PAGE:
Compassion and hope prevail in race for cure

Event raises funds for breast cancer research

October 22, 2006|By Jamie Stiehm | Jamie Stiehm,Sun reporter

At first, Steve Levin was looking for a couple hundred energetic volunteers from his children's school to run a few miles, enjoy a nice day and help raise some money for breast cancer research.

But then hundreds more students, parents, alumni and faculty from the McDonogh School in Owings Mills signed up, and then hundreds more after that. Pretty soon, the Reisterstown marketing director had assembled a team of more than 600 people to run in the Susan G. Komen Breast Cancer Foundation's 14th annual Race for the Cure.

Yesterday, the McDonogh team won top honors at the race for raising the most money, a total of $40,000.

Yet even as Levin and his wife, Michelle, beamed with their two children at the Camden Yards finish line, recent events cast a pall over their achievement. Michelle Levin, who was first diagnosed with the disease at 34, is again battling the cancer at age 43. She received her latest diagnosis this summer.

For the Levins, events like the Komen race show how far the culture has come in recognizing the disease and its increasing toll on younger women.

"Fifteen years ago, people thought breast cancer was an old lady disease and didn't talk about it," Steve Levin said. "It's an aggressive cancer, affecting larger numbers of younger women, but we'll stay ahead of it."

Yesterday's 5K race, one of many held around the country each year, raised more than $2 million for the Komen foundation, the largest national nonprofit dedicated to breast cancer research and treatment, according to Robin Prothro, executive director of Komen Maryland.

Prothro said most of the money will stay in the region and benefit hospitals, research centers and health departments.

Under sun-splashed red leaves, about 25,000 people participated in yesterday's race - some in wheelchairs, some with strollers, some running and some taking it slow.

Men wore pink, the color symbolizing the struggle against the disease, which largely affects women but also occurs in men.

Many ran with signs naming a mother, daughter, or grandmother who had been diagnosed with the disease. One woman, Susan Mannekin, had her hair cut onstage to donate it to someone in need of a wig during chemotherapy.

Over and over, the word "survivor" wafted by the statues of sports legends Johnny Unitas and Babe Ruth.

"This is my 10th year as a survivor," Pat Montgomery, 54, said, showing off a visor with 10 pink ribbons. A resident of Gambrills in Anne Arundel County, she said that having a mastectomy was harrowing.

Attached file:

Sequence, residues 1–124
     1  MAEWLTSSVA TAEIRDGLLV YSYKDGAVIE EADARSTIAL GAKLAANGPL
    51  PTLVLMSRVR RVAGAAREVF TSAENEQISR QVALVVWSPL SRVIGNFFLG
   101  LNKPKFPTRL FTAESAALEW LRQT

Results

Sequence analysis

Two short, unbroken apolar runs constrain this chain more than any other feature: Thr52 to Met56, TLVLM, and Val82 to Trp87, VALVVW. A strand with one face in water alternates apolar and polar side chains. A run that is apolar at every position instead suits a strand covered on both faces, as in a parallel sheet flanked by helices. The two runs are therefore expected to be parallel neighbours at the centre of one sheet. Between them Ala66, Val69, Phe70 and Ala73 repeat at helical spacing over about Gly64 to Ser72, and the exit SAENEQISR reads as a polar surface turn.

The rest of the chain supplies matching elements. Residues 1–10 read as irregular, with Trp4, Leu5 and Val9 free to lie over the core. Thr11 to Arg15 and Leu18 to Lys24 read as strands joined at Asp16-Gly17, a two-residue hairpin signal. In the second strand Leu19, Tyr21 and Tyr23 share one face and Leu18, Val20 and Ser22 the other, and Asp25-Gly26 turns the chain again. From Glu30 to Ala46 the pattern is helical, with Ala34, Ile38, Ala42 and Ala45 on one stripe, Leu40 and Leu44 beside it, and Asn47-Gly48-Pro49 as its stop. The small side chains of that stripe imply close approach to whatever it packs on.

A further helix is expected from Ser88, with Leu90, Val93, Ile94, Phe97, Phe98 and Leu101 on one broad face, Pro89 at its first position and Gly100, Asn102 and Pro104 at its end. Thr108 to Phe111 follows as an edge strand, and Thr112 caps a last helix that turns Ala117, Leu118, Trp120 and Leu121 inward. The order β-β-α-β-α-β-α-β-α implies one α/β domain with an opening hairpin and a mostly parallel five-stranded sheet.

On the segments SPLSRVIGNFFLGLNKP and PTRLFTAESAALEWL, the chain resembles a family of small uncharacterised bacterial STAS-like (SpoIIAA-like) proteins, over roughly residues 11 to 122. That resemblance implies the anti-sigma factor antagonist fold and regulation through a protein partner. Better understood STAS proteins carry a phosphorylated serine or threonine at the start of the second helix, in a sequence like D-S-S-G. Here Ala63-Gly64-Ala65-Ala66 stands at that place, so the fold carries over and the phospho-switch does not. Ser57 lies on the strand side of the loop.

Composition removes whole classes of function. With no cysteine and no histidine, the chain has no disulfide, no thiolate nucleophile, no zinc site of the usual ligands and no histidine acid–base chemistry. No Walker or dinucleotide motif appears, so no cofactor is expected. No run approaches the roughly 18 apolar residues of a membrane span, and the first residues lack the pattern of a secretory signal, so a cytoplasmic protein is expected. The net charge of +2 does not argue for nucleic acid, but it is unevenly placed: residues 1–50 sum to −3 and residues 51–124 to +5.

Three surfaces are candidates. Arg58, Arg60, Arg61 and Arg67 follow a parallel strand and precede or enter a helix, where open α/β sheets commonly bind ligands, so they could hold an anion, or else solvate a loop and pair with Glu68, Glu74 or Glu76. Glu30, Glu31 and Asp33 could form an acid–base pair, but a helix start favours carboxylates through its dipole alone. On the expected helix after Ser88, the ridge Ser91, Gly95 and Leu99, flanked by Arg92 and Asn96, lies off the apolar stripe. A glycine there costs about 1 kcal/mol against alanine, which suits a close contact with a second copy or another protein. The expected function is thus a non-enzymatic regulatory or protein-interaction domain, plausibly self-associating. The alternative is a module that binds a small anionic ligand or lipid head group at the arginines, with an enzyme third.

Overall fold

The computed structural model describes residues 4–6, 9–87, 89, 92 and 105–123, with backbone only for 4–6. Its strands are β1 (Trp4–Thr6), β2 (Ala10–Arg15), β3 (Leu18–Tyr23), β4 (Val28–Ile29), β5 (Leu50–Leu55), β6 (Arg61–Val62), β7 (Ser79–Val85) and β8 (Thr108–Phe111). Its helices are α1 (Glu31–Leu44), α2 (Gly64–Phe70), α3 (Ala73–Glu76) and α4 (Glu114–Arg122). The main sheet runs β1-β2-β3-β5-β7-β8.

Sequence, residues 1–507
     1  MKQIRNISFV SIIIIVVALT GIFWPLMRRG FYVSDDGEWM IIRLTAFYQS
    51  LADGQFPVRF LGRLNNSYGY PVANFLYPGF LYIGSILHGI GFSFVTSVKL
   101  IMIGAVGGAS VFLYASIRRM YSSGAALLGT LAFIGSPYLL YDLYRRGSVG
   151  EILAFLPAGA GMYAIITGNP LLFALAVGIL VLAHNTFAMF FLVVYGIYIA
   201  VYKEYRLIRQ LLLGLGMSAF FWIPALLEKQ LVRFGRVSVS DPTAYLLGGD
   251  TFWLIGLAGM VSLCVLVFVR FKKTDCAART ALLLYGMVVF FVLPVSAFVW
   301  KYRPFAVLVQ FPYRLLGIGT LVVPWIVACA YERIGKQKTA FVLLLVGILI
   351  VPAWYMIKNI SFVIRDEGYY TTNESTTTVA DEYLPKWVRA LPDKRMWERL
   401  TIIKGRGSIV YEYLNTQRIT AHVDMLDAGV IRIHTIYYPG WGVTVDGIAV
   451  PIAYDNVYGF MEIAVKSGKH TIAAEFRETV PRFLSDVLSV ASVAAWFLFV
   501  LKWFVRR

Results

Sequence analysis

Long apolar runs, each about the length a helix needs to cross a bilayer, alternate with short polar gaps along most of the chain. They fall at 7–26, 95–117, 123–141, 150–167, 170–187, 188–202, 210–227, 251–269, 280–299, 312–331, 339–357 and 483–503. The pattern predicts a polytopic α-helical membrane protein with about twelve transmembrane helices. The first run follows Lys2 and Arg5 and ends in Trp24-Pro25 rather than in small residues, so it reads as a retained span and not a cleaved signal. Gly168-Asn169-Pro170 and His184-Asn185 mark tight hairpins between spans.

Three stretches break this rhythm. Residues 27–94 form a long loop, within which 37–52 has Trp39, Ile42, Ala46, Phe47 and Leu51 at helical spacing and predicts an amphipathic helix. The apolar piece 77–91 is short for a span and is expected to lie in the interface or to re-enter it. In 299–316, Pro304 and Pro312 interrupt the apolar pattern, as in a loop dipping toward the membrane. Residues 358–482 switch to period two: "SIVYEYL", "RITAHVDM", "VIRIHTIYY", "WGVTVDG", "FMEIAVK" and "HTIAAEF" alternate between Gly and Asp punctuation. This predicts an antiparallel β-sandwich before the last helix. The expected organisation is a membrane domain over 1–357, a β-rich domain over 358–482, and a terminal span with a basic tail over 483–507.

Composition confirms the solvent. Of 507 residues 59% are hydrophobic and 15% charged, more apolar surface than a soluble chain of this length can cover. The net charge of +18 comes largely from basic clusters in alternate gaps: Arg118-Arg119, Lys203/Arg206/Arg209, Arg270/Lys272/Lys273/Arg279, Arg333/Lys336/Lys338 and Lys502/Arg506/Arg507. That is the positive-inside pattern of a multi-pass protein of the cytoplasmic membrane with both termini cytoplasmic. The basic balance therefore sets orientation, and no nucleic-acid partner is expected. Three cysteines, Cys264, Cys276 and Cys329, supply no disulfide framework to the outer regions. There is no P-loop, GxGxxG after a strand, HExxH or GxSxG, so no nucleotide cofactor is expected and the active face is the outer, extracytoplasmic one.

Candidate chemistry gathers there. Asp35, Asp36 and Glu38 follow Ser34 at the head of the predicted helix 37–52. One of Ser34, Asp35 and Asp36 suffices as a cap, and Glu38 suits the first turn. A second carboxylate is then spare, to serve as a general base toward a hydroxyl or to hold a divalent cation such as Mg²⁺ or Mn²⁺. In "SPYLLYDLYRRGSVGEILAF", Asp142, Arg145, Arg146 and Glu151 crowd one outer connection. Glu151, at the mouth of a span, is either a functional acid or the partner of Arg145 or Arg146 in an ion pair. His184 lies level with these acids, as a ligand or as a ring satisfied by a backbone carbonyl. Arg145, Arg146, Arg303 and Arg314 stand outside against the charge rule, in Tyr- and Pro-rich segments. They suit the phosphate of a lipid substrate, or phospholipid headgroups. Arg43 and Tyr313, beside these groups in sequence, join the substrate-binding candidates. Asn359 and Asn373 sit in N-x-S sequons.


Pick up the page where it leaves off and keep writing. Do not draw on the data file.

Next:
"The chemo, and having a part of your body cut off, was the worst time of my life," Montgomery said. "It's emotional to be here with all walks of life, of different ages."

John Vroman, 28, a Baltimore resident, said he came out with his wife, Pam, because his mother is a six-year survivor. About the toll taken on families of cancer patients, he said, "It's tough. You're afraid you're going to lose your mother."

Many walked to honor the memory of a loved one lost to breast cancer or to celebrate an early detection.

Don Collahan, 68, a retired court reporter and Severna Park resident, walked with family members in memory of his wife, Patricia. He watched the disease destroy her, stage by stage.

"It ain't much fun," he said.

On a lighter note, the "Pratt Cat," mascot for the Enoch Pratt Free Library, hand-slapped and danced to the live rock music.

In addition to being a major fundraiser for breast cancer research, the event has become a see-and-be-seen event for political aspirants and those seeking re-election.

Katie Curran O'Malley, whose husband, Mayor Martin O'Malley, is running for governor, and Maryland first lady Kendel Ehrlich appeared in athletic gear to cheer on the cause. Despite their husbands' political rivalry, the two avid runners managed a quick hello before dashing off into the distance.

Ehrlich, who lost a brother to cancer, said the upbeat scene is empowering to those still grieving.

"If you've lost a family member to cancer, you really feel very emotional for lots of people. It's uplifting to have support," she said.

At 80, Elizabeth Kurek of Perry Hall had a double mastectomy years ago.

Flanked by four of her five daughters, two grandchildren and a great-grandson, she said, "My children are happy I'm doing what I'm doing, walking today."

Later, on the bridge near the finish line, she stumbled and fell on her hand, hurting her wrist, and was treated by rescue workers.

Standing with the McDonogh team he recruited, Steve Levin said he was moved by the diverse collection of schoolchildren, teachers, staff, parents and alumni who pitched in to help. About 30 in the group are survivors of breast cancer.

"It's been a tremendous outpouring," Levin said. "I think of McDonogh as a microcosm. You don't have to go far to find a neighbor or a friend or a family member that has breast cancer."

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